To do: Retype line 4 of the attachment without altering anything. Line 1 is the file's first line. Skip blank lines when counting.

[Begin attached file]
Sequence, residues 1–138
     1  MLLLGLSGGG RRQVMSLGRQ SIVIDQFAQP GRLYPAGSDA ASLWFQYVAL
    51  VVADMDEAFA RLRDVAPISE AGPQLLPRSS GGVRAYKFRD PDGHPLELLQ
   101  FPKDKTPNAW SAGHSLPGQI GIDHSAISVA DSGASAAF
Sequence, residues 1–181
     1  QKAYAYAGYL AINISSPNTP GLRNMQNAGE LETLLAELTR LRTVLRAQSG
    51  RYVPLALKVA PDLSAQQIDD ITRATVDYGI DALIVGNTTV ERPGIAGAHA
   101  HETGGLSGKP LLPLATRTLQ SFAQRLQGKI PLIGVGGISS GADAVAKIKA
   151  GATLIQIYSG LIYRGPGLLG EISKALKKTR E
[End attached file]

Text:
   101  FPKDKTPNAW SAGHSLPGQI GIDHSAISVA DSGASAAF